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The Eighties. An aspirational landscape where anything was possible – some say the beginning of the future. Labelled as THE decade that taste forgot, its a hard sell trying to ship the 80s as a style making era. In some instances I tend to agree. The 80’s was bleak and disconcerting especially for anyone living on the fringes of society and dare I say it ‘the doll’. That said, for anyone on Wall Street making fresh green paper, they were the best of times and upper Manhattan was their play ground.

Emerging from the crime that ran rampant in the city in the Seventies, new jobs, new fashion and new money made the concrete jungle blossom into a fabulous place to live. This particular flavour of the 80's was soundtracked by sophisti-pop cannons, Phil Collins, Style Council, Sade and Roxy Music. Influenced by an emerging technology boom we were inundated with techno themed slickness in the form of films like The Terminator, Tron and Electric Dreams. and with no1 best sellers like Dress for Success by John T. Molloy lining the book shop shelves, Power Dressing became staple attire for anyone trying to get ahead. Yes it was the best of times and the birth of the Yuppie, the rise of Wall Street and the film of the same name (easily one of the most influential films of the decade). Upscale loft living of the Manhatten yuppie was the new dream. So naturally, when it came to curating our second micro homeware collection, our first thought was ‘What Would Darien Do?’

For those who haven’t seen Wall Street, it’s basically a film about the glitz, glamour and greed of wall street. Charlie Sheen is a young and hungry wannabe stockbroker who jumps in with the wrong crowd and falls in love with socially deranged interior designer Darien Taylor (Darryl Hannah), who specialises in making young professional apartments look old money with a whole load of very shiny new money. Picture fake brick wallpaper plastered over in specific sections to look ‘rustic’ and ‘edgey’ paired with wooden embellished coving drilled into the ceiling, every new kitchen gadget and as Hannah’s character so decidedly puts it ‘ENOUGH GOLD.’ The whole process which is oddly remisniscent of an early 00’s episode of changing rooms, probably takes a day, tops.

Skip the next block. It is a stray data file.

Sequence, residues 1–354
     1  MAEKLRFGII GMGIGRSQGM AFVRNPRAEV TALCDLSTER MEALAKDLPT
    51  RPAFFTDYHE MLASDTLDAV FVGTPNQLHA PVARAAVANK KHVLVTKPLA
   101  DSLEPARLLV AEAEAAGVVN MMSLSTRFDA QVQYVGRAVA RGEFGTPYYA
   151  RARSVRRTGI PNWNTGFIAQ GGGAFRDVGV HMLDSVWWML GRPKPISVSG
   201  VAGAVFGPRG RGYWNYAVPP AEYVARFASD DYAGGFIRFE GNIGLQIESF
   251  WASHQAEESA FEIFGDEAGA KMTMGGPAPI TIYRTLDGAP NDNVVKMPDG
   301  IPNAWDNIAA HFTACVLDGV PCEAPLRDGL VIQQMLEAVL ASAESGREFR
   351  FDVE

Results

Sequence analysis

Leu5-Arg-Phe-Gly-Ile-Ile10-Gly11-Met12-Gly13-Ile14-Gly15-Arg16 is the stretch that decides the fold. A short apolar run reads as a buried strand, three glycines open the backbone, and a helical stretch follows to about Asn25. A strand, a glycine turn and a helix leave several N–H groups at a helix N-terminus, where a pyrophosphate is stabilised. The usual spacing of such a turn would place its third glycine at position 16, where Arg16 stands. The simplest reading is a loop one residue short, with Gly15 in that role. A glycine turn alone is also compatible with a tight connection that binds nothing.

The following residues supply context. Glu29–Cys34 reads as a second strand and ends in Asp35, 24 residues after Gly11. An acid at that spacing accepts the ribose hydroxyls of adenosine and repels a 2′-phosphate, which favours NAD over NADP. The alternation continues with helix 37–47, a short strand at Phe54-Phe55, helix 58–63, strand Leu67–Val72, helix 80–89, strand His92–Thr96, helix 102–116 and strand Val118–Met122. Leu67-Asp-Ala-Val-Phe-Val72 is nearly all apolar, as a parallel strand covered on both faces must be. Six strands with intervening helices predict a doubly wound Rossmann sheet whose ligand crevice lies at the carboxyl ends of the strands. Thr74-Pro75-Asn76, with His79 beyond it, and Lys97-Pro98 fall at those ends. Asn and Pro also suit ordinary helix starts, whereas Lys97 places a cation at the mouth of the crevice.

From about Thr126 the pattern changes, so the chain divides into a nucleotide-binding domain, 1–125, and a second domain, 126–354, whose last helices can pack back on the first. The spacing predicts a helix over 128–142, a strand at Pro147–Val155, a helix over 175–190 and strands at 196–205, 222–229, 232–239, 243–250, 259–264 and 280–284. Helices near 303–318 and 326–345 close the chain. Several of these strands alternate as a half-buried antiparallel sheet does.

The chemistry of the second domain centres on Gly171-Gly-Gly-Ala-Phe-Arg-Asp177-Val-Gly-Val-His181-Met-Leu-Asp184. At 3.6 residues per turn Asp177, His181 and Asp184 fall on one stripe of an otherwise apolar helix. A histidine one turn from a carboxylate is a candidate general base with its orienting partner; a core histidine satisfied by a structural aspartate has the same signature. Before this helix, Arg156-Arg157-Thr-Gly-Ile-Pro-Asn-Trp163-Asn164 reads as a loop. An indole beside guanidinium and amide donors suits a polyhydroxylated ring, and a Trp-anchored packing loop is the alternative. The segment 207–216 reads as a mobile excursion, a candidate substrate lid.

This small clip adds character to the film and the fast-paced culture of money making in the era but it also tells us so much more than that. In the ‘80s, where in New York you lived and what your small slice of home looked liked, could mean everything about you. Downtown was for the artists and uptown, well that was for the wolves of wall street, or rather those who wanted to run with the wolves, even if they often got left behind with a broken foot. The ‘80s was all about aspiration. The 80’s wasn’t just the start of the modern world, it was the modern world. CD players, coffee machines, electric blinds.

“When you've had money and lost it, it can be much worse than never having had it at all!”

- Derien Taylor, Wall Street 1987 

Darien Taylor is the microcosm of this ideal. She spends her time and energy on mixing with the right crowds, saying the right thing and figuring out how to make all her potential beaus look like they’re rolling in money, whether they are or not. And she does it so well. With that in mind, we give you ‘The Darien Taylor Collection.’

The collection is sleek and dreamy with pink overtones, iridescent glazes and a shell ceramic (a little nod to her mermaid character in Splash.) It’s also a marriage between art and Art Deco or rather, the eighties rehash of art deco, which was totally resurging in the 80’s. Anyone who was making money lived in a loft-style apartment with perfectly mismatched accessories and the latest gadgets. It seemed only fitting to build a curate collection around the character that made it her business to make the rich look even richer and the even richer people, totally out of this world rich.

We teamed up with a friend and expert behind the lens Lydia Whitmore and expert stylist Sarah McNabb to recreate what we’d imagine Darien would design for us. Get your peices now.

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Brother started life out as a market stall with one belief. Universal style. One collection, one vision. Not for him, not for her; for everyone. A totally genderless lifestyle brand fusing fashion, music and culture, we were born.

From Netil Market, to Club Brother to online, we’re consistently growing in a good way. We believe in challenging stereotypes, heralding the individual and blurring the lines between music, fashion and subculture.

Brother: A universal brand for universal people.



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